No matter what you do, chances are you enjoy a bit of music playing in the background. Whether you’re a coder, system administrator, or typical desktop user, enjoying good music might be at the top of your list of things you do on the desktop. And, with the holidays upon us, you might wind up with some gift cards that allow you to purchase some new music. If your music format of choice is of a digital nature (mine happens to be vinyl) and your platform is Linux, you’re going to want a good GUI player to enjoy that music.
Fortunately, Linux has no lack of digital music players. In fact, there are quite a few, most of which are open source and available for free. Let’s take a look at a few such players, to see which one might suit your needs.
I wanted to start out with the player that has served as my default for years. Clementine offers probably the single best ratio of ease-of-use to flexibility you’ll find in any player. Clementine is a fork of the new defunct Amarok music player, but isn’t limited to Linux-only; Clementine is also available for Mac OS and Windows platforms. The feature set is seriously impressive and includes the likes of:
Customizable interface (display current album cover as background — Figure 1)
Play local music or from Spotify, Last.fm, and more
Sidebar for easy library navigation
Built-in audio transcoding (into MP3, OGG, Flac, and more)
Remote control using Android app
Handy search function
Easy creation of regular and smart playlists
CUE sheet support
Of all the music players I have used, Clementine is by far the most feature-rich and easy to use. It also includes one of the finest equalizers you’ll find on a Linux music player (with 10 bands to adjust). Although it may not enjoy a very modern interface, it is absolutely unmatched for its ability to create and manipulate playlists. If your music collection is large, and you want total control over it, this is the player you want.
Clementine can be found in the standard repositories and installed from either your distribution’s software center or the command line.
Rhythmbox is the default player for the GNOME desktop, but it does function well on other desktops. The Rhythmbox interface is slightly more modern than Clementine and takes a minimal approach to design. That doesn’t mean the app is bereft of features. Quite the opposite. Rhythmbox offers gapless playback, Soundcloud support, album cover display, audio scrobbling from Last.fm and Libre.fm, Jamendo support, podcast subscription (from Apple iTunes), web remote control, and more.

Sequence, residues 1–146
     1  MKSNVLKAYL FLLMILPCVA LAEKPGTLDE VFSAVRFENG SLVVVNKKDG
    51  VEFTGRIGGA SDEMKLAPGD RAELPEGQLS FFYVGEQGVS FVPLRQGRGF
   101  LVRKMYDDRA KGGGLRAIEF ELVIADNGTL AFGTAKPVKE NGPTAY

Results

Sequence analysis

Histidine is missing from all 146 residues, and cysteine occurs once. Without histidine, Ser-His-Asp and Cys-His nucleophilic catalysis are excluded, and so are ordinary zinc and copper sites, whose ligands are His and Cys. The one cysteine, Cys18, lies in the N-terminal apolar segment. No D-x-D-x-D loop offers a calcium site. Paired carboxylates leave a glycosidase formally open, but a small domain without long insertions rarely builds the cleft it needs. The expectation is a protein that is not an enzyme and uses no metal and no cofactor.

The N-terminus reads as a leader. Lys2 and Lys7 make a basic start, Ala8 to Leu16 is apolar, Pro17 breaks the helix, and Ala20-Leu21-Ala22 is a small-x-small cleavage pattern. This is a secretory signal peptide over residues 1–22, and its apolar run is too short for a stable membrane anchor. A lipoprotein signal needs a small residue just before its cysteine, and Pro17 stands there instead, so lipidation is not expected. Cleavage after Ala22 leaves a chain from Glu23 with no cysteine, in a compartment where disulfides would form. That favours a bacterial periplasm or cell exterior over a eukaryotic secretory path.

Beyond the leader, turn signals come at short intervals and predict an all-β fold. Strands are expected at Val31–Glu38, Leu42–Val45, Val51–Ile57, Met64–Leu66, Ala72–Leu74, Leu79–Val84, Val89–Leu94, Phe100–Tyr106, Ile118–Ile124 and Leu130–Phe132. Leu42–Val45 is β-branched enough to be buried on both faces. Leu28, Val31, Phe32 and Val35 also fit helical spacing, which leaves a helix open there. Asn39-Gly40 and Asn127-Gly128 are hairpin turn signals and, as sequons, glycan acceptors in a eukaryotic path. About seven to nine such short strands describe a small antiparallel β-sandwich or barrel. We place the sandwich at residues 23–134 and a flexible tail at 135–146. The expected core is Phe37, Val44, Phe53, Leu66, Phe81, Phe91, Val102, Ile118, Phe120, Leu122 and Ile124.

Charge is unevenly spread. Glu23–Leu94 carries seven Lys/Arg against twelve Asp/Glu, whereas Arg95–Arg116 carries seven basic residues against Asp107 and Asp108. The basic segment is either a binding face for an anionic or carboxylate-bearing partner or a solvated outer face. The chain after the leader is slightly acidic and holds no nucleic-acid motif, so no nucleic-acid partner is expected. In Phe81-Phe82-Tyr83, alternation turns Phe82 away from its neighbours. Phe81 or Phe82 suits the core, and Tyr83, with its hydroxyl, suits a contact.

One very nice feature found in Rhythmbox is plugin support, which allows you to enable features like DAAP Music Sharing, FM Radio, Cover art search, notifications, ReplayGain, Song Lyrics, and more.
The Rhythmbox playlist feature isn’t quite as powerful as that found in Clementine, but it still makes it fairly easy to organize your music into quick playlists for any mood. Although Rhythmbox does offer a slightly more modern interface than Clementine (Figure 2), it’s not quite as flexible.
VLC Media Player
For some, VLC cannot be beat for playing videos. However, VLC isn’t limited to the playback of video. In fact, VLC does a great job of playing audio files. For KDE Neon users, VLC serves as your default for both music and video playback. Although VLC is one of the finest video players on the Linux market (it’s my default), it does suffer from some minor limitations with audio—namely the lack of playlists and the inability to connect to remote directories on your network. But if you’re looking for an incredibly simple and reliable means to play local files or network mms/rtsp streams VLC is a quality tool.
VLC does include an equalizer (Figure 3), a compressor, and a spatializer as well as the ability to record from a capture device.
If you’re looking for a lightweight music player, Audacious perfectly fits that bill. This particular music player is fairly single minded, but it does include an equalizer and a small selection of effects that will please many an audiophile (e.g., Echo, Silence removal, Speed and Pitch, Voice Removal, and more—Figure 4).
Audacious also includes a really handy alarm feature, that allows you to set an alarm that will start playing your currently selected track at a user-specified time and duration.
I must confess, I use spotify daily. I’m a subscriber and use it to find new music to purchase—which means I am constantly searching and discovering. Fortunately, there is a desktop client for Spotify (Figure 5) that can be easily installed using the official Spotify Linux installation instructions. Outside of listening to vinyl, I probably make use of Spotify more than any other music player. It also helps that I can seamlessly jump between the desktop client and the Android app, so I never miss out on the music I enjoy.
The Spotify interface is very easy to use and, in fact, it beats the web player by leaps and bounds. Do not settle for the Spotify Web Player on Linux, as the desktop client makes it much easier to create and manage your playlists. If you’re a Spotify power user, don’t even bother with the built-in support for the streaming client in the other desktop apps—once you’ve used the Spotify Desktop Client, the other apps pale in comparison.
The choice is yours
Other options are available (check your desktop software center), but these five clients (in my opinion) are the best of the best. For me, the one-two punch of Clementine and Spotify gives me the best of all possible worlds. Try them out and see which one best meets your needs.
Learn more about Linux through the free “Introduction to Linux” course from The Linux Foundation and edX.